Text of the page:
The following prelude to this blog post is taken from telesurtv.net
"The publishing industry’s focus on profits amounts to a censoring of a diversity of viewpoints and experience
Books are lives compressed, humanity summarised into screaming or striking stories. One would think the book world would be a safe haven from inequality, but instead the traditional publishing industry – the big corporate publishers - is perpetuating prejudice and limiting ideas by elevating certain authors, characters, and thoughts above all others, with significant social consequences.
The big publishers are big businesses with monopolies over a product, as much as other industries. They are driven by profit, rather than the social importance of books, and only publish books that are a sure thing, causing quality to be lost to lowest-common-denominator marketability. Sure things are books by celebrities, books with a guaranteed (forced) market such as text books and required readings in schools and universities, books on popular genres such as horror and romance, and books by authors who have already been very successful. Just as food monopolies limit food choice and news monopolies restrict our understanding of current events, the book corporations have a monopoly on the ideas, identity, history and perspectives available to us."
As a small independent publisher Siri Scientific Press is in total control of what it publishes. We do not have to answer to a board of directors or trustees in order to justify the publication of a particular title. Of course, we also need to make profit in order to continue producing new titles, but this is not our main concern. If we like a book that falls within our remit and think it provides useful information then we will publish it, regardless of how specialized it might be (obviously, the more specialized the content, the more limited the market will be). This is not a major concern.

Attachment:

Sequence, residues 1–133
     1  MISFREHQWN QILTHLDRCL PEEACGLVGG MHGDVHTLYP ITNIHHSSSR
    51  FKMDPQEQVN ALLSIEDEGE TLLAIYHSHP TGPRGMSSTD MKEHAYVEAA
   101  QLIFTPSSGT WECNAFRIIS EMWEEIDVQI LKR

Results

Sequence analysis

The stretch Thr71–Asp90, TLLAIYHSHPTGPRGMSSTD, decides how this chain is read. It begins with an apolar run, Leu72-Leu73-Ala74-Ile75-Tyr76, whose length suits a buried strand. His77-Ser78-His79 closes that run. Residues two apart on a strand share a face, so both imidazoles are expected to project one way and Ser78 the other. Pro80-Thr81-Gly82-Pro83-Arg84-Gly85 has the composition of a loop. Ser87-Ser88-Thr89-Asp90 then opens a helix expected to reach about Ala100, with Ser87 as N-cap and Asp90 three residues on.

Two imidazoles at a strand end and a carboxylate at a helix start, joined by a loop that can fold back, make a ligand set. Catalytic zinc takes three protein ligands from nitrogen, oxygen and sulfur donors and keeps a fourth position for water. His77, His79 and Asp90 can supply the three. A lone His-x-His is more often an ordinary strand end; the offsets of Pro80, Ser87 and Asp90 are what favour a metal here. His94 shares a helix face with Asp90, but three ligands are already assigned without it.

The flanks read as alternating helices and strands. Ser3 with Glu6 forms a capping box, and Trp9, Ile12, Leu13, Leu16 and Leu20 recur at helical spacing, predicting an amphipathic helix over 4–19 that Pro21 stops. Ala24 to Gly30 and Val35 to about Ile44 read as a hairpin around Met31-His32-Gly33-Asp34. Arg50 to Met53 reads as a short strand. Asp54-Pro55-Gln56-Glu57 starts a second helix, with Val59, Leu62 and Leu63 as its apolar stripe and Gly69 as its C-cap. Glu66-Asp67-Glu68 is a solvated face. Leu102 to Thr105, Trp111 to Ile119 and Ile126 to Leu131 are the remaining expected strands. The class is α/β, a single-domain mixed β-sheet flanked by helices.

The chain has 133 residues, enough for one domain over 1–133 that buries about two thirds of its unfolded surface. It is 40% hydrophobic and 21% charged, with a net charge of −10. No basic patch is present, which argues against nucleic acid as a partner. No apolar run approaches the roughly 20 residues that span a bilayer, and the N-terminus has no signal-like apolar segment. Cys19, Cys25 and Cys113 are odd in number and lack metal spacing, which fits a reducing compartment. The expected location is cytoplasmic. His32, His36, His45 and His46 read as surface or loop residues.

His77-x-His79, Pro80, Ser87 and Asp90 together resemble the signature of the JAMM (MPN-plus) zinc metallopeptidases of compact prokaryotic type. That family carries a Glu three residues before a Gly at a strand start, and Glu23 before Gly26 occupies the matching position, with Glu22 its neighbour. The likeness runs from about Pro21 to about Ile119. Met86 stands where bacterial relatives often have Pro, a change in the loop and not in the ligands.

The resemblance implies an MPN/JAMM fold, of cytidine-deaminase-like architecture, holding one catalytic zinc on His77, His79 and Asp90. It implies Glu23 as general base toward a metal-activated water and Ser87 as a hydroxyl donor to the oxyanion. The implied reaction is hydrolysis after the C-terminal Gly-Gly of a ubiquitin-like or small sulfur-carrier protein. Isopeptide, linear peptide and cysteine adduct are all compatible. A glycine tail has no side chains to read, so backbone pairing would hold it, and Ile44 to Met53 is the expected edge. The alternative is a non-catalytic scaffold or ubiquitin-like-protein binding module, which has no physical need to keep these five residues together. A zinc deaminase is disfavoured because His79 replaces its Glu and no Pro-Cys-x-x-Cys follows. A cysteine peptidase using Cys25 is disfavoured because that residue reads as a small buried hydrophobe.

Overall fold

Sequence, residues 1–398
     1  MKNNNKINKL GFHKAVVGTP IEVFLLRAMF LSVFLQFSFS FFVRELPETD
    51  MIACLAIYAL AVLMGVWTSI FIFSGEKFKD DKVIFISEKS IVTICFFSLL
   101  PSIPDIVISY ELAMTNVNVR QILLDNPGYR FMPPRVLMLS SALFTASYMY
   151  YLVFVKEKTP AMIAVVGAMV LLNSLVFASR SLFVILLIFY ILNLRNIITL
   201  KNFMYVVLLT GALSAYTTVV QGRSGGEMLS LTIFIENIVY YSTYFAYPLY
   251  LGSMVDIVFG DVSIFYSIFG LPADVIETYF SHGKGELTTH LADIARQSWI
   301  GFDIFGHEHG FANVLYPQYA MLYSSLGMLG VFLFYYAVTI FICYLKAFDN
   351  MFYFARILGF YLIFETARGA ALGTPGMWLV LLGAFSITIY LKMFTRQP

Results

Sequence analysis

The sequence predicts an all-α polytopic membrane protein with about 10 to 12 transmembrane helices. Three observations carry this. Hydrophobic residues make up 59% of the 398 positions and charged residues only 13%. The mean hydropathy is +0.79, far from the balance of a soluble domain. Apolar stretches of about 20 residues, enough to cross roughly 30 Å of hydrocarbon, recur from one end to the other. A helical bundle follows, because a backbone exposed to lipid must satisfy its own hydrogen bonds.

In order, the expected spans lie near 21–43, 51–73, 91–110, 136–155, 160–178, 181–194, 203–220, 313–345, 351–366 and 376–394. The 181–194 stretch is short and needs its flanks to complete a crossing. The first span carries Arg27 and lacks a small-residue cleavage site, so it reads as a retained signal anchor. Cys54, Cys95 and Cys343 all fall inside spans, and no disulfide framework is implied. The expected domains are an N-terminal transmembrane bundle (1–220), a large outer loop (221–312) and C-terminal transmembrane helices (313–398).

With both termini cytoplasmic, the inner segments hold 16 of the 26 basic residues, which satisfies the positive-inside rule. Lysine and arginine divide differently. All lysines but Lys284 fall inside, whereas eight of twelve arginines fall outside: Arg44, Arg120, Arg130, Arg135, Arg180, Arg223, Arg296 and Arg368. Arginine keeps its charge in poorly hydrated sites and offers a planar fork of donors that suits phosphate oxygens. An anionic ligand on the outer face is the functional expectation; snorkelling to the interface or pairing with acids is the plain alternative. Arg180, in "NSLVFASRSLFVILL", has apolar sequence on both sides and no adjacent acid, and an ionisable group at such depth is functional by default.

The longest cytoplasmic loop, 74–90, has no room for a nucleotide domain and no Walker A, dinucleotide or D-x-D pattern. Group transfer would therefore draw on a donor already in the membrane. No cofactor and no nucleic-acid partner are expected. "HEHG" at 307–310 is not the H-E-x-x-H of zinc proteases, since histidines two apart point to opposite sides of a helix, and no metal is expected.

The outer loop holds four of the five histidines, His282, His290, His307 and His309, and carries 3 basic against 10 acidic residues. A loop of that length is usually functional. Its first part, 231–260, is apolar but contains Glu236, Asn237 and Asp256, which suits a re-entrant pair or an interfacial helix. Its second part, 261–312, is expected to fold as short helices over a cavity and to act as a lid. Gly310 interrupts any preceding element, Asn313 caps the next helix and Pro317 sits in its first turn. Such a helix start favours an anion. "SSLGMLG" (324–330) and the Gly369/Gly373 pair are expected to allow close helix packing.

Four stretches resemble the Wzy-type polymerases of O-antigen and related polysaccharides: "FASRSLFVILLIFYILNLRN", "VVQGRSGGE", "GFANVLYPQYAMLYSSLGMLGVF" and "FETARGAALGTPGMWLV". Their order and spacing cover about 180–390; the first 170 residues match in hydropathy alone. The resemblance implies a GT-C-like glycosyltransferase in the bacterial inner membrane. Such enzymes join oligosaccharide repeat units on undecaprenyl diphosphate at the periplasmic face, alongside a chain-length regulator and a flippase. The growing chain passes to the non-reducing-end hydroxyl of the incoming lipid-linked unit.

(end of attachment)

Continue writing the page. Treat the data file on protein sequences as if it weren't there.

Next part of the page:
Furthermore, in one of our recent titles just released: HOMO SAPIENS - An appraisal of modern humans we felt that the content was SO IMPORTANT with regard to our collective behaviour and the impact it is having, both on society and the planet we call home, that we have reduced our profit margins drastically in the hope that it will be affordable to as many people as who may wish to read it. Indeed, by doing so we may have actually shot ourselves in the foot! The old adage of 'you get what you pay for' may lead some potential readers to question how important the content of a book priced at just £12.00 can be. Do not be fooled. This enlightening book, written in a style accessible to a broad audience, is guaranteed to make you re-consider how your every day actions can be altered to help make the world a better place.
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